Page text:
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Behind the Suit: From the boardroom to the ball field… Little League lifer Bill Schultz

If you try to get in touch with Mike Young Productions president Bill Schultz after 4 p.m. from February to June, there's a good chance he'll only be listening with half an ear - especially during play-off season. That's because when he's not overseeing production on animated series like Pet Alien, Dive Olly Dive! and ToddWorld, Schultz spends about 25 hours a week in the dugout coaching Little League baseball in southern California. And to give you an inkling of just how devoted a coach he is, when his former company Film Roman was closing its US$40-million IPO in 1996, Schultz negotiated the final deal points on his cell phone from the ballpark so he wouldn't miss an all-star game.
March 1, 2004

If you try to get in touch with Mike Young Productions president and partner Bill Schultz after 4 p.m. from February to June, there’s a good chance he’ll only be listening with half an ear – especially during play-off season. That’s because when he’s not overseeing production on animated series like Pet Alien, Dive Olly Dive! and ToddWorld, Schultz spends about 25 hours a week in the dugout coaching Little League baseball in southern California. And to give you an inkling of just how devoted a coach he is, when his former company Film Roman was closing its US$40-million IPO in 1996, Schultz negotiated the final deal points on his cell phone from the ballpark so he wouldn’t miss an all-star game.

Schultz started coaching 13 years ago, primarily as a way to spend more time with his three sons and daughter, who were involved in at least one sport at any given time of year. But he was really compelled to move from the bleachers to the sidelines when he saw what a poor job some of his boys’ baseball, soccer and basketball coaches were doing. ‘They were treating the kids badly and seemed to be reliving their youth through them,’ he says, adding that this is common behavior in L.A., where many parents are ambitious people used to getting what they want.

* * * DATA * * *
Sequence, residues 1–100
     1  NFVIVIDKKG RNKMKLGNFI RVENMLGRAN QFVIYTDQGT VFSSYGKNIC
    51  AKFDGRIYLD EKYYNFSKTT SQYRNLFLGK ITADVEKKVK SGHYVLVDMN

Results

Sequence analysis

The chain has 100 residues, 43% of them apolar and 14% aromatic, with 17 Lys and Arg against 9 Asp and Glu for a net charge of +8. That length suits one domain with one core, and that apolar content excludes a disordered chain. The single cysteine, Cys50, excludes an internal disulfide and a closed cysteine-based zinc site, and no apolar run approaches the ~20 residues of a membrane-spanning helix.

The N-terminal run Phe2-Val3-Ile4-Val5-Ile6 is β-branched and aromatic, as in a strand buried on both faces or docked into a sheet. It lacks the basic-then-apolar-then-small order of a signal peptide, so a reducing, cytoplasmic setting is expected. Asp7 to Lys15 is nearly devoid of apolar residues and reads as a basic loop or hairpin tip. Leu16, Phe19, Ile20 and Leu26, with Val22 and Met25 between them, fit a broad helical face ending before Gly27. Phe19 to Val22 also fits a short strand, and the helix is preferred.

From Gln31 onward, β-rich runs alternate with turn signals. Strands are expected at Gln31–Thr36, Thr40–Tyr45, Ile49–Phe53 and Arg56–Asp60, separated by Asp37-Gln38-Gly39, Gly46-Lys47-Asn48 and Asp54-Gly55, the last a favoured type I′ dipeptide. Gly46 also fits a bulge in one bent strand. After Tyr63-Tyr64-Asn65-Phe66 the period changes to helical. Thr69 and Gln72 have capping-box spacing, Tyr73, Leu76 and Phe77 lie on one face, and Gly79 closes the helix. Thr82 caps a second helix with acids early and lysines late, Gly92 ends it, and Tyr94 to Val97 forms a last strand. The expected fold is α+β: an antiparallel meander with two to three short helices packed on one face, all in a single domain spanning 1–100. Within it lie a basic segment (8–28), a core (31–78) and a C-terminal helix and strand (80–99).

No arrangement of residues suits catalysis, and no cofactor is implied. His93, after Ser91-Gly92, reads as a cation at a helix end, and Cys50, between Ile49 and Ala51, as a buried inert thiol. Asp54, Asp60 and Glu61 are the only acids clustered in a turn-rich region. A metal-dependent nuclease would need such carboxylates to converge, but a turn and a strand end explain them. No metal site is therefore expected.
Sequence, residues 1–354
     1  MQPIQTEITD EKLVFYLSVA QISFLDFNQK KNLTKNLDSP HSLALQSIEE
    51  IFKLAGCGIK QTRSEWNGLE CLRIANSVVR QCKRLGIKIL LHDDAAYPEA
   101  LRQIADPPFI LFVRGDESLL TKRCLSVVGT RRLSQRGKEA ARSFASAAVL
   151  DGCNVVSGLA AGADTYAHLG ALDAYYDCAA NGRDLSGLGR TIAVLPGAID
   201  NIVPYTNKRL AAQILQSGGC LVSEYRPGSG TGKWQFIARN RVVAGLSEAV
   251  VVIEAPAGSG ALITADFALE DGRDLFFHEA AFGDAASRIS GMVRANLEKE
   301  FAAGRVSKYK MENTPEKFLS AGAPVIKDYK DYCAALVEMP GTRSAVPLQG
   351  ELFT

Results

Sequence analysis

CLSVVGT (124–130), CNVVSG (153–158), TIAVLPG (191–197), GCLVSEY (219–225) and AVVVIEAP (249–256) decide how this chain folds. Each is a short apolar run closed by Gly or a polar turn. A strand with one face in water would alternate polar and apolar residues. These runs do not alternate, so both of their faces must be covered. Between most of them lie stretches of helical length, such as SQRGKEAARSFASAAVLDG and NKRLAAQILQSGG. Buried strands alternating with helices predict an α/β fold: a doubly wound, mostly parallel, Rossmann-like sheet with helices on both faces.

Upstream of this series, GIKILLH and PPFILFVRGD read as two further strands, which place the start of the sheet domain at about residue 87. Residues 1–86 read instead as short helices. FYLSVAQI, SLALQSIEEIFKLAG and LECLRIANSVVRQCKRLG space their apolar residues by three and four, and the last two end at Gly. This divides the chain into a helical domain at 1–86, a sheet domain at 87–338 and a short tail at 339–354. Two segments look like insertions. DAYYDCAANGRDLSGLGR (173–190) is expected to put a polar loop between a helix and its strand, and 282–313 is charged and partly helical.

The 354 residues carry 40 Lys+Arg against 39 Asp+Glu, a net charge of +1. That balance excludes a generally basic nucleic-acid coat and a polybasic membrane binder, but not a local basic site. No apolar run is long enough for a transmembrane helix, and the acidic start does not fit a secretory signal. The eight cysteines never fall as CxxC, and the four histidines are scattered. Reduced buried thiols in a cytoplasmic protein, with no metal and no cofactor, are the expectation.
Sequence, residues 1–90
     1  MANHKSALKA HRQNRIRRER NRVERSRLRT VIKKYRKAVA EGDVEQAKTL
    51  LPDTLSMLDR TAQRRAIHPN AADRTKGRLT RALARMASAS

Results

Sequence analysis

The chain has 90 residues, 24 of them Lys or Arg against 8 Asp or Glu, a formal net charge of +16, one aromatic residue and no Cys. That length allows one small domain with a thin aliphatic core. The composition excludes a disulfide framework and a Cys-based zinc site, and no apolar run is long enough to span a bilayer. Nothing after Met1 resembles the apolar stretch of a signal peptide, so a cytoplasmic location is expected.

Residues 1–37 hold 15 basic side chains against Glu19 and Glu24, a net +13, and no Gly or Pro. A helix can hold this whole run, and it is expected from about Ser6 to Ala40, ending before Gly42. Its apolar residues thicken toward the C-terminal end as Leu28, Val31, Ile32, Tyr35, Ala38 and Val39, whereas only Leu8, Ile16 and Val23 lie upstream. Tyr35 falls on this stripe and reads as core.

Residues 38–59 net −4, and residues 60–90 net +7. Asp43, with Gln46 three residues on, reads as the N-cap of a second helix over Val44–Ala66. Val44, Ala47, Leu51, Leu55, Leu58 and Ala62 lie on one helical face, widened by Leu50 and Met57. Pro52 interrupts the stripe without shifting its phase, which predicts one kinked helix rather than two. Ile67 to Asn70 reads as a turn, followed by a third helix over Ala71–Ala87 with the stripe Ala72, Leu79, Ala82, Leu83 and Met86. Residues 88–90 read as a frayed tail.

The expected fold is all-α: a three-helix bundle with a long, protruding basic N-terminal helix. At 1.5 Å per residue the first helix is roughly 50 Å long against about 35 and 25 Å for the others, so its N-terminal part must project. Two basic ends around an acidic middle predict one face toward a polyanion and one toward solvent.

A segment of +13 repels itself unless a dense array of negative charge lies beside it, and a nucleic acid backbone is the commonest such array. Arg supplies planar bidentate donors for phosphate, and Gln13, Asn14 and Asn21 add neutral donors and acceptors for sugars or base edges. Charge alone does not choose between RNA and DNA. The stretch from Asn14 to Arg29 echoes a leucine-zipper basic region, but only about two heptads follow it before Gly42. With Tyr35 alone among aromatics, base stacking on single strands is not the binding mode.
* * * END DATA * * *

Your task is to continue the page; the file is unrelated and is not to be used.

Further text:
Though in the early days he broke his toe kicking a ball bucket in frustration, Schultz has since adopted a much more laid-back approach on the field. ‘I’m just there to make sure the kids want to come back and play next year,’ he says. ‘My job is to keep them in the sport and, if they have any natural ability, help them get to a higher level.’

Schultz’s 19-year-old son Brad has certainly benefited from his dad’s guidance. He’s attending University of the Pacific on a baseball athletic scholarship and recently struck out a side in a major game against UCLA. Schultz says although his coaching achievements may seem small compared to professional milestones like winning Emmy awards for The Simpsons, he loves the fact that they’re so definitive. ‘When you win a TV award, it can be attributed to politics or favoritism rather than achievement. But there are no qualifiers in sports. It’s like, ‘Did you strike him out?’ ‘Yup, I struck him out.”

Schultz says coaching a baseball team is a lot like running a studio in many respects. ‘I absolutely have to be able to organize and lead people in my job. And working with artists is like working with kids, who are sensitive and raw and need to be supported and structured.’

If you’d like to see Schultz in action on the field, think about checking out a weekend game the next time you’re in L.A. His team is called the Westhill Mets (http://westhillsbaseball.org/schedules/broncosch.html).

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